Science

Oregon allocates $5M for teaching English as second language

Posted January 9

— Oregon is allocating $5 million to help 40 school districts better teach English as a second language.

Graduation rates and test results from 2015 and 2016 show that three-fourths of the state's ESL students aren't proficient in math, 60 percent can't read well by the end of middle school and one-third never graduate from high school, reported The Oregonian/OregonLive (http://bit.ly/2i91tBb ).

The state is providing funding to the 40 districts it says have done the worst job of helping students learn English. Each district is required to make a custom plan to improve its effectiveness and will be judged on the results achieved by 2020.

Bend-La Pine, Reynolds, Jefferson County and Umatilla school districts are among 15 singled out as having the deepest issues.

Those districts have a large number of students learning English as a second language, and a disproportionate share of them are low-income, have moved frequently, arrived in the U.S. recently or are homeless. The second-language students in those districts have shown very little progress in math skills and language, and they are unlikely to graduate or go to college.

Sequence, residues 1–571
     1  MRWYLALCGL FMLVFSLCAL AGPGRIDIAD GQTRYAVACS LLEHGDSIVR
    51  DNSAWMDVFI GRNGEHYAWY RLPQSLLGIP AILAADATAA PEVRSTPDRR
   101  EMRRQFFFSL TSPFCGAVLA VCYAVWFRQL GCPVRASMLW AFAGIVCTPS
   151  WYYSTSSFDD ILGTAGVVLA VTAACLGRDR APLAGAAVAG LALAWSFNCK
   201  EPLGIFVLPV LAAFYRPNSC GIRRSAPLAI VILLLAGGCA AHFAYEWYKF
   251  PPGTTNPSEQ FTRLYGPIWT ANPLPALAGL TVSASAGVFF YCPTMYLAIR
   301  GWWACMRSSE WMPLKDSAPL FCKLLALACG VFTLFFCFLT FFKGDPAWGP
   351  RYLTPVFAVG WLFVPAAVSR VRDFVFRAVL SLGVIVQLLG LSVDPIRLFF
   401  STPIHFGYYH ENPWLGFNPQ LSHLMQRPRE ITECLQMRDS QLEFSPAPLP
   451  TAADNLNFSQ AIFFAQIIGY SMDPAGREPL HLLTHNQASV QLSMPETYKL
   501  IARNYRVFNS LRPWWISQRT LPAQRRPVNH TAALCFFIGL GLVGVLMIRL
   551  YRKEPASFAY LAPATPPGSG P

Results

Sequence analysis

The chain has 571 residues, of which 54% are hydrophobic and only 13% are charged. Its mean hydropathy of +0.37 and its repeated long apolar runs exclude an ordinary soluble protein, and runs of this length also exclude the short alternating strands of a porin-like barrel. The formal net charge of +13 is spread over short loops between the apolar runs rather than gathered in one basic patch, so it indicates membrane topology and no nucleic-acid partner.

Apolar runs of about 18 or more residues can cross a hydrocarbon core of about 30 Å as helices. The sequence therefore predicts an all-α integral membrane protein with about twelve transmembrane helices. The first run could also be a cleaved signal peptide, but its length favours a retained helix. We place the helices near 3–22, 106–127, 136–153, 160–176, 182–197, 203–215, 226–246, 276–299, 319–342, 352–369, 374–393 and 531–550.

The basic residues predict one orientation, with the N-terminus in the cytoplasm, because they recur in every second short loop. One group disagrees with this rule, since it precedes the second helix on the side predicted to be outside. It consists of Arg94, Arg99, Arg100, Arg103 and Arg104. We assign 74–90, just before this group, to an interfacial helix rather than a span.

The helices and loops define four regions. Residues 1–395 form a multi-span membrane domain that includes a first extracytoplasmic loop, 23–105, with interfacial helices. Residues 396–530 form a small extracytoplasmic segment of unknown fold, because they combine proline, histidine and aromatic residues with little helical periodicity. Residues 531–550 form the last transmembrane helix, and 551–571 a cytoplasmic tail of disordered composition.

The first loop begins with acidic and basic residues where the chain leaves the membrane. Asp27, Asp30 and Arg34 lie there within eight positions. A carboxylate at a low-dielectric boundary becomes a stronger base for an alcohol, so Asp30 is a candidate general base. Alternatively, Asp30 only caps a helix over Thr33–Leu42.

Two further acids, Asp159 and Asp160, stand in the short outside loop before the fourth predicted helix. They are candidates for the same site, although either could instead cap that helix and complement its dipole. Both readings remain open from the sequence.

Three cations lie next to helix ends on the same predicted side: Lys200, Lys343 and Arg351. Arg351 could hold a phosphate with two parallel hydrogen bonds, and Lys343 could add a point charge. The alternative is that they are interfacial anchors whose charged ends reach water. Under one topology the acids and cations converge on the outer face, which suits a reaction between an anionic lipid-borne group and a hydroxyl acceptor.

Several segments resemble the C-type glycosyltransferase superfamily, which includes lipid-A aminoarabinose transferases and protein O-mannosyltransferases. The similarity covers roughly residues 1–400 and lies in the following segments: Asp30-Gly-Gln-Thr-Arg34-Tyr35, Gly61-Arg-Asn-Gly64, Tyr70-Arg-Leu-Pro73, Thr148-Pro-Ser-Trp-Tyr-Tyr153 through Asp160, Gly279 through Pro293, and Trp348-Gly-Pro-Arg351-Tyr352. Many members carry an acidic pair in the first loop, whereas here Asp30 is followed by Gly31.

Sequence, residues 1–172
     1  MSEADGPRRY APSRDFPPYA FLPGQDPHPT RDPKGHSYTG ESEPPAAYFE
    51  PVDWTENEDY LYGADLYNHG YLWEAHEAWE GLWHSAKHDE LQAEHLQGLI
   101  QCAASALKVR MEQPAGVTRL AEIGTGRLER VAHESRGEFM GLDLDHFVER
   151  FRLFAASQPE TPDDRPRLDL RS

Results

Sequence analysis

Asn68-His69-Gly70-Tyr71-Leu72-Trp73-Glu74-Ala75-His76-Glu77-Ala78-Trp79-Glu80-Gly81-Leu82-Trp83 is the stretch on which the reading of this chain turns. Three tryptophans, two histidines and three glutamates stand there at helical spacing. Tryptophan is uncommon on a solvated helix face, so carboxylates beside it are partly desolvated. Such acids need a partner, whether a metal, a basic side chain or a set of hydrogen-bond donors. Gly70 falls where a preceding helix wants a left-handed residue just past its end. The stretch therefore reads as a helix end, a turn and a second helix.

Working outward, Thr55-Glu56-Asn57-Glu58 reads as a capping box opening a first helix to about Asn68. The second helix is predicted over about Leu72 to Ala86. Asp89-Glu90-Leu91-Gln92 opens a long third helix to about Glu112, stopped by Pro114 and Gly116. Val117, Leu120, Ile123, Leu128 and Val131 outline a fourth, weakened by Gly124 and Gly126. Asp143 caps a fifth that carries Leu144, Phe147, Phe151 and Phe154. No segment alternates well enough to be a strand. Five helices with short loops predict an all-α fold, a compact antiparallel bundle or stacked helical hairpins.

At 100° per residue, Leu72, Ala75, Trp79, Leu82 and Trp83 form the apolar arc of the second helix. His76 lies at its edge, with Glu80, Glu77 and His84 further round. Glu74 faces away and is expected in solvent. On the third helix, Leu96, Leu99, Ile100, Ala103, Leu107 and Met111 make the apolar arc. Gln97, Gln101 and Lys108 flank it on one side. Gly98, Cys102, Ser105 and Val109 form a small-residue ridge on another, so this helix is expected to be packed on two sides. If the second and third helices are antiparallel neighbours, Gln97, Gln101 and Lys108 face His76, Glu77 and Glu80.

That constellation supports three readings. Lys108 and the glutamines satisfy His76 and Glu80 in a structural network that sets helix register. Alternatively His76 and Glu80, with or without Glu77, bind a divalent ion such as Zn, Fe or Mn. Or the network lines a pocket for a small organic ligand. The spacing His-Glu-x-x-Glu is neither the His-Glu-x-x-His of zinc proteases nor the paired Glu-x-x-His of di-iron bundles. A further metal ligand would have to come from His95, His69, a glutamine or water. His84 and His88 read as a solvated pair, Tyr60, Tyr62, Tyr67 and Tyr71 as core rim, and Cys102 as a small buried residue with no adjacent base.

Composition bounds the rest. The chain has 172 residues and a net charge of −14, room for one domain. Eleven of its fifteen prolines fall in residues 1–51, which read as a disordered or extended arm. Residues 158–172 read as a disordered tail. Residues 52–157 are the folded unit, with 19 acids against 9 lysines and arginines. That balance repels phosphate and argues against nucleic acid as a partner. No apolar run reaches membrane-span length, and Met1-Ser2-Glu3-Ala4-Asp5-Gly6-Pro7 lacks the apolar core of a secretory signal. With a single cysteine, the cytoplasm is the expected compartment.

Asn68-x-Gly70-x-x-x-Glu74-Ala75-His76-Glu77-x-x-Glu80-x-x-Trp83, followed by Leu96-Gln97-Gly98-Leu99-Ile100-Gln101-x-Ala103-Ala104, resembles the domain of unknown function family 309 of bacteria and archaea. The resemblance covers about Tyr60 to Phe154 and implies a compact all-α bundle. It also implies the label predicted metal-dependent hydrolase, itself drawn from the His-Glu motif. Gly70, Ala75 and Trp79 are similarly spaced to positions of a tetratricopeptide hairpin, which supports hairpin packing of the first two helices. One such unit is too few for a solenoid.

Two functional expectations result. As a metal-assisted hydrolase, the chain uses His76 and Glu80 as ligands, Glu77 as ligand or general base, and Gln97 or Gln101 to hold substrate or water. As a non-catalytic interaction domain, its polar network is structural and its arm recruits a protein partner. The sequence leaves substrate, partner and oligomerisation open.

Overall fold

Each of those districts will receive $180,000 this year and is expected to receive the same amount in the next three years.

The other 25 districts will each get $90,000 per year to improve their English learner programs.

Many advocates for students who speak English as a second language and their families say Oregon districts often teach immigrant children ineffectively and spend money meant for English learners on other things.

Leaders of one advocacy group, the Asian Pacific American Network of Oregon, say they are very excited about the plan to improve the state's ESL education.

"I don't think many other states have this level of comprehensive reform and transparency," said Jeanice Chieng, the network's policy manager. "We are excited about the potential for change."

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